Photo Album


Embroidery was an essential part of a young girl's education during the middle to late 1600's and many examples of Raised Embroidery or 'Stumpwork' have survived this period.  We are given to understand that the majority of the works were carried out by young girls, who naturally enough would have had excellent eyesight and very nimble fingers, enabling them to stitch the minute raised areas on caskets, mirror frames etc. and there is evidence to substantiate that Hannah Smith completed a casket at the tender age of 14 and even a Martha Edlin who was a mere ll years of age!

It is believed that these young girls probably worked from kits which contained all they would need to stitch their panels, which would be sent to a cabinet maker on completion, to be mounted onto perhaps a mirror frame or casket.

Stumpwork/Raised Embroidery does not really come under the category of 'Lace' but the two mediums certainly become united with the use of Needlelace 'slips' incorporated into these embroideries in the form of clothing, extra petals on flowers and the tiny pre-formed pieces of wood in the shape of fruits etc, which were subsequently covered with detached buttonhole stitiches.

I had the good fortune to live close to Barbara & Roy Hirst who have been largely responsible for the revival of this fascinating form of embroidery, and have enjoyed workshops at their home here in the UK where we have learned from each other, exchanging information on our respective forms of expertise. The sepia picture of a young boy and girl sitting in front of a thatched cottage, was my first piece of stumpwork and of course created under the tutelage of Babara Hirst.  As one might have guessed, I was eager to progress the work and couldn't wait until the next lesson to ask Barbara for guidance, and made the mistake of not allowing sufficient space between their head and shoulders, resulting in  neither of these two little characters having a neck!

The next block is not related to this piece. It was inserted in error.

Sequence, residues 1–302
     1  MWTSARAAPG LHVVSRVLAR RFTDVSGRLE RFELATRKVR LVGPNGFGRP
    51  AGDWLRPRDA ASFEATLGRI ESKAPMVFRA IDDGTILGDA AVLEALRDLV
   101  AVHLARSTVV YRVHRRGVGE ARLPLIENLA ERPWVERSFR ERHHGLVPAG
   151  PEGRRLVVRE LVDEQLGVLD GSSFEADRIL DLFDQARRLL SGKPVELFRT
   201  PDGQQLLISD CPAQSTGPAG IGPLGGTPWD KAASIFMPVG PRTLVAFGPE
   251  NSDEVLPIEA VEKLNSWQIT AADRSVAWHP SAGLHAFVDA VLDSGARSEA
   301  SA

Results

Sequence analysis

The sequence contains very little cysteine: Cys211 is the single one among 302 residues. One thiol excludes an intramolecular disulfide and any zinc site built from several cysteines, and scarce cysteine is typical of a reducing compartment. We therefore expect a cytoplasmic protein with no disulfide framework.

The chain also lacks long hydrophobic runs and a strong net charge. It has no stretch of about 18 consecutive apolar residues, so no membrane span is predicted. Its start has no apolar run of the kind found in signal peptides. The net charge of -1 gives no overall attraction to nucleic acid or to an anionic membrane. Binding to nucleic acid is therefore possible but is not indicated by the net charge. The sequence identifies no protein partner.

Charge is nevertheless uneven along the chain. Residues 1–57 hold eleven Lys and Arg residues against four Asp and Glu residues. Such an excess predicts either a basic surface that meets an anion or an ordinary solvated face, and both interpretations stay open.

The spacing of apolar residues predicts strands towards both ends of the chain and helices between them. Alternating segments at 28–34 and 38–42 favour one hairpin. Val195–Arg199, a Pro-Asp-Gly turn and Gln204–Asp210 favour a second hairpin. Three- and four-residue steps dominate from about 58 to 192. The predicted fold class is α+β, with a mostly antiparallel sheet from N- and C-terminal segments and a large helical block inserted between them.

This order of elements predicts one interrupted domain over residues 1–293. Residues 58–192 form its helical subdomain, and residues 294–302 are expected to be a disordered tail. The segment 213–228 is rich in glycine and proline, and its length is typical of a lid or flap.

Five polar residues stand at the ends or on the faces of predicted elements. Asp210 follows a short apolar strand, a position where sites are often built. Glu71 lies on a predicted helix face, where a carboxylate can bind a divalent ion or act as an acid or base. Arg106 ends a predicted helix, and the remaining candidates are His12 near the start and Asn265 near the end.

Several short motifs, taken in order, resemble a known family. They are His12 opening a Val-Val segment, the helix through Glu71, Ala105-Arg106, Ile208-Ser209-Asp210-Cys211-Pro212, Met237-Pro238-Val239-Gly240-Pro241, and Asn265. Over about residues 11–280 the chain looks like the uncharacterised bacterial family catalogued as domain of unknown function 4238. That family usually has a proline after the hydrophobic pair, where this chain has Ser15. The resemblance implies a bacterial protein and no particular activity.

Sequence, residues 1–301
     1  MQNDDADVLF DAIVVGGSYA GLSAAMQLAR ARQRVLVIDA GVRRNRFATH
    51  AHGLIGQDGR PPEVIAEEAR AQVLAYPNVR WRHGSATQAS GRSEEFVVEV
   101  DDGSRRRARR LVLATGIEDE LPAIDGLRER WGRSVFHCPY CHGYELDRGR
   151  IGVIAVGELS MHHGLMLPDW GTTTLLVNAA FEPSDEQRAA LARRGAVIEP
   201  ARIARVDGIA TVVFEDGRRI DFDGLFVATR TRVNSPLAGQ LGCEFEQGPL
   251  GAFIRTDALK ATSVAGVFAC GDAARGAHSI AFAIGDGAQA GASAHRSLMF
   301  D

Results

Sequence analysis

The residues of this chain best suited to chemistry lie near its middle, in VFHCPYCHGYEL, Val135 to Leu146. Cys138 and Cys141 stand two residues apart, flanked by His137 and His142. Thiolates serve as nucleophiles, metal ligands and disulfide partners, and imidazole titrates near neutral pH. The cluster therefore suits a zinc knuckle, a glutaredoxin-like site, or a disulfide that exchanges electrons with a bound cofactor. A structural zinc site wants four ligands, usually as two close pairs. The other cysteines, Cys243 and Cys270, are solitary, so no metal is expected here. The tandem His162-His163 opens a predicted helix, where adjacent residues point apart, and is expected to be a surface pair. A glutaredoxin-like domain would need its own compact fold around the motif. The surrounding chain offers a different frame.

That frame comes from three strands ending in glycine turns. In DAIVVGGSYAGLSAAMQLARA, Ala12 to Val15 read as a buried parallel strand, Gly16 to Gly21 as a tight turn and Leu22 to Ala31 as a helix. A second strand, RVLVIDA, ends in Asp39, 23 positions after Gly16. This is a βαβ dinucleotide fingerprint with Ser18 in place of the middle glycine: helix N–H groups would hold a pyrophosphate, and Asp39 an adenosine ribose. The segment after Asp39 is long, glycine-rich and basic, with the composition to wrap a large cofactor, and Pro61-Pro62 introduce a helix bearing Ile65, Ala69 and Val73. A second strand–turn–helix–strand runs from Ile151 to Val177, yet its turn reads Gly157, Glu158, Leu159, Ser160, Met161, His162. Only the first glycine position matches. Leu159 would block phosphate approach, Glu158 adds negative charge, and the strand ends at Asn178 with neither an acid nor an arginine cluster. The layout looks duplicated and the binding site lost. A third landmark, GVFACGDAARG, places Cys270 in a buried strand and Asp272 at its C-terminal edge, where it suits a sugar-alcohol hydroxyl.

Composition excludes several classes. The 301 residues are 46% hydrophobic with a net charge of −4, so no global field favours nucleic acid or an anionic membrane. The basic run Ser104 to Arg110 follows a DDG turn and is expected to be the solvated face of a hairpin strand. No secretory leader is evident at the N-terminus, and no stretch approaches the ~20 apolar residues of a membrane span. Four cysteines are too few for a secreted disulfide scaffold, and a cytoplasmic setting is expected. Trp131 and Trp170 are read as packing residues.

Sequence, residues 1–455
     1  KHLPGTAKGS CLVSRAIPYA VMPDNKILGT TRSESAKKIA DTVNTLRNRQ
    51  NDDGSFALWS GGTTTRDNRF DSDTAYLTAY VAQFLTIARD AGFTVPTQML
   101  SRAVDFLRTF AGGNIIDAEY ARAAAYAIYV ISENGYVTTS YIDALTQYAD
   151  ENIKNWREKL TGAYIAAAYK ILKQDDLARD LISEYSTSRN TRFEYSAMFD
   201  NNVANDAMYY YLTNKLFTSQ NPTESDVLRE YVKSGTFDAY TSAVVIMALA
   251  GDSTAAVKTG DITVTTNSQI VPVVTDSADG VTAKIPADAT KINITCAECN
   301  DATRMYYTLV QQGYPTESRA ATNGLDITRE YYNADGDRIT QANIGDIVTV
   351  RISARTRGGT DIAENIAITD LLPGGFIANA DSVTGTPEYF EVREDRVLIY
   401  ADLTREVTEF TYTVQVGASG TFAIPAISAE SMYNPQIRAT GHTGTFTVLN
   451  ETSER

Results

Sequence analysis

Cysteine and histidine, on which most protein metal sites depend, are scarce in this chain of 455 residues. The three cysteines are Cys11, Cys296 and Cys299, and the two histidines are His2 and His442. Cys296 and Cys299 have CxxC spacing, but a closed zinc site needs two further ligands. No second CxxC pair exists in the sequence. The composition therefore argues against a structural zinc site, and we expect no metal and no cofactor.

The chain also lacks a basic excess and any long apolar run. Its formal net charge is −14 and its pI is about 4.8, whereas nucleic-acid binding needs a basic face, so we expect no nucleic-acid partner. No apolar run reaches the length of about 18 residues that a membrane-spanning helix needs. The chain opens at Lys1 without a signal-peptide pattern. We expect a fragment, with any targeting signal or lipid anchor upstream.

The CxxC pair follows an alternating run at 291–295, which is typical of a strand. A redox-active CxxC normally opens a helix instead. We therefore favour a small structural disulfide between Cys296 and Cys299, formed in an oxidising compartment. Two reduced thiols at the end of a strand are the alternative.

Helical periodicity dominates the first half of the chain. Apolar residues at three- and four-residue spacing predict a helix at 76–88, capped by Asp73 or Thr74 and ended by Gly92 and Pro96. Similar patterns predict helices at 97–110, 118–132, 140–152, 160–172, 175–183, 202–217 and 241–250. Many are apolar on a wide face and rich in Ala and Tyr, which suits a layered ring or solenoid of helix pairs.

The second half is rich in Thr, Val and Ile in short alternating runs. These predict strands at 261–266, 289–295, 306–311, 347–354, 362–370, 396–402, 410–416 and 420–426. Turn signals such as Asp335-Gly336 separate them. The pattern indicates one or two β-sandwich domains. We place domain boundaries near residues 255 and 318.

I am extremely fortunate that my husband Roy is a fine artist who creates vey detailed still life paintings and has painted some of the background scenes for several of my works.  I don't claim to be an embroiderer and don't have the skill, time or knowledge to embroider these large areas myself, but Roy has been happy to do this for me using his painting skills.

I have always greatly admired the wood carvings of Grinling Gibbons and whilst on a visit to an Arboretum with my City & Guild students in the 1980's, I saw a wonderful mirror surround depicting an arrow, quiver, sheet music, fruit, peas in a pod etc.  I thought that if someone could carve such realistic creations from a solid piece of wood, I surely could create something in needlelace - hence my peapods with butterfly worked in Gutermann 100/3 silks, which in turn led onto the strawberries!

I hope you will enjoy seeing some of these works.